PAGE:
You go to your first oil class. The class you have planned for and excitedly anticipated for a year. You build canvas and gesso it. You get homework – a black and white painting. There is plenty of time. It is Wednesday.
You spend your Thursday evening packing and your weekend at family wedding festivities. You promise yourself that Monday and Tuesday evening are set aside for homework. But Monday you recover and clean. You set up and light a still life.
And Tuesday, well, Tuesday you are faced with a dilemma. You have a place you have promised yourself you will go. And to keep that promise you cannot spend the evening painting. You go, telling yourself that when you return you will paint. In utter denial of the fact that you are not a night person.
You arrive home at 9:30 PM. You ponder the paintbrushes. You do not paint. You sleep.
You wake up at 5:00. Because you are a morning person. You ponder the paintbrushes. You decide. One hour. You will give the sketch in oil one hour. At least it will be something.
You lay out your palette. You start the underpainting. You get a whiff of the paint and suddenly remember a paint by numbers painting you did as a child. It was a Christmas present. A picture of a man in a boat on a stormy sea. You decide you love the scent of oil paints as well as the thwap of the brush as you load it.
Two and a half hours later you are cleaning brushes. You have not studied. You have not written. You have not done your surya namaskara. You have not eaten, or showered, or dressed. None of the things that make you happy to rise at 5:o0 are done. But you have a painting. Your first oil painting. And while it could be better (much much better) and it is still wet, it is done enough and it is yours.
Miraculously, you make it to work by 9:00.
You are not on time to class that evening. You learn many things you did wrong in the morning. But you are happy to be there. Tired. Very tired. But happy to be there.
When you arrive home from class it is raining. Both your morning painting and your evening painting are still wet. You leave them in the car. They stay in the car for three days, until it stops raining. Your car smells like an artist’s studio. It is a nice smell.
The next week you have been busy again. You have not done your homework. You have begun to awake with that thrumming sensation in the palms of your hands and the soles of your feet – the fatigue that did not leave you while sleeping. You tell yourself it is ok that you did not do another black and white painting. You drive halfway to class and turn around. You are bone tired. You wonder if it is because you had a guitar lesson the night before. From 9pm-10pm. You are not a night person. You arrive home and promise yourself: this will be the only class you will miss this semester. You will not have guitar next week. The week after – well, you’ll figure it out.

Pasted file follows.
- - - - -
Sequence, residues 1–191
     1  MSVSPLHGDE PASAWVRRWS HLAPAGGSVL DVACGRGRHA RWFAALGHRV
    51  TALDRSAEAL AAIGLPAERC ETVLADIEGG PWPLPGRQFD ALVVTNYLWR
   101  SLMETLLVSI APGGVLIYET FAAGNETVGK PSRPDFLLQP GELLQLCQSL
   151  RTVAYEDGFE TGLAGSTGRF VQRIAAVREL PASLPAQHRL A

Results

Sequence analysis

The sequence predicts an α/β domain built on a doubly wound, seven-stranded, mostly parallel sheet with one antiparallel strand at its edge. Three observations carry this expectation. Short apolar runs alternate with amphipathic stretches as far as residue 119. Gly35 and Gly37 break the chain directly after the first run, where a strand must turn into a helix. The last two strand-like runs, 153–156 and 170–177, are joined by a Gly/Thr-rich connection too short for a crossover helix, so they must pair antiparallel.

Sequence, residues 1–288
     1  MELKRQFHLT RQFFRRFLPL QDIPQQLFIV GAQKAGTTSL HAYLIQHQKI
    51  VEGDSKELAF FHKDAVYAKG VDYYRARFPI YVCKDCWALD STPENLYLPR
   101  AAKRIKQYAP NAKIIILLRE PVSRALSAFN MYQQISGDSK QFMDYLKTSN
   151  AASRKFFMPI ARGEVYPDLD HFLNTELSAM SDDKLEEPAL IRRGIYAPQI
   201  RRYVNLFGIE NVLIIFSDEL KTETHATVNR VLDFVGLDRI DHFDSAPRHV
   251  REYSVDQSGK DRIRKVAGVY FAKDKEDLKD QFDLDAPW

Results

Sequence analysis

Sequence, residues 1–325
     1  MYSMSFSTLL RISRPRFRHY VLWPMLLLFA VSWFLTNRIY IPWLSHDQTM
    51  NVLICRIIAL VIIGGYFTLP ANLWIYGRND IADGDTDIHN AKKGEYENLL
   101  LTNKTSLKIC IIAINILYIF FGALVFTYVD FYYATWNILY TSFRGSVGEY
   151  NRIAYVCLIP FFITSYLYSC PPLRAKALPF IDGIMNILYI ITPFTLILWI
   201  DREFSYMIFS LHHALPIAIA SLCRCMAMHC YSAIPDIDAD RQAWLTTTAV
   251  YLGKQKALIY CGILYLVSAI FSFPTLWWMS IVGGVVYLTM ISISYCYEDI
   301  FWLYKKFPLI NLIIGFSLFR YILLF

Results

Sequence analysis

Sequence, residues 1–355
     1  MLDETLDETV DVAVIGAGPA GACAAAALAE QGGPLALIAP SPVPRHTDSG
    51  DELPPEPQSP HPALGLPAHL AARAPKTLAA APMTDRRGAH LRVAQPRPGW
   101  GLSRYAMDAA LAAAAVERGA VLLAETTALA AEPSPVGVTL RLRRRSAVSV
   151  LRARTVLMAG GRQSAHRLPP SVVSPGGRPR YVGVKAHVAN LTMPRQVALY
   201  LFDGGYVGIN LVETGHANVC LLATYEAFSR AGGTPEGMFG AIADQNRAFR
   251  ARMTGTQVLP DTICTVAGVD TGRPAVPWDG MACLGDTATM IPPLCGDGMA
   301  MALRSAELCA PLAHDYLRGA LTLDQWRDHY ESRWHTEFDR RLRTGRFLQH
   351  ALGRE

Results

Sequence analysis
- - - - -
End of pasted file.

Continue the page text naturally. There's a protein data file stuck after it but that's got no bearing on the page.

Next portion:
The next week you again tell yourself: it is ok that your paintbrushes remained dry. Tuesday night you find yourself on the couch, struggling to stay awake but in reality dozing off next to a phone with sys admins and database developers discussing what to do when and what might be wrong. You don’t really get to bed until 2am.
You go to work on Wednesday, alternately wondering and then remembering why you are so tired. Then it is time to leave – to go to class from 7pm until 10pm. You are tired. You feel it in the palms of your hands the soles of your feet. It is a moment of decision. This is not like taking yet another drawing class. You need to learn the basics one by one. If you do not go, you are going to be frustrated for the rest of the semester. You have wanted to take this class for so long. But now you want to let the class go.
You call your sister from the office parking garage, because this is how you make these kinds of decisions. You decide you need to let go. There will be another term.
You go home. You write. You do your surya namaskara – 13 salutations to a sun already set. One for each day of the month so far. You play guitar – G chord, downstroke four times, move to the A chord, downstroke four times. And a scale. You give your choral music some time at the piano – more complicated chords, whose names you ought to know from those childhood lessons. You eat. You iron. You read.
You climb into bed. You are lulled to sleep by the thrum thrum thrum of the fatigue in the your hands and feet sliding off into the cool sheets.
the end, for now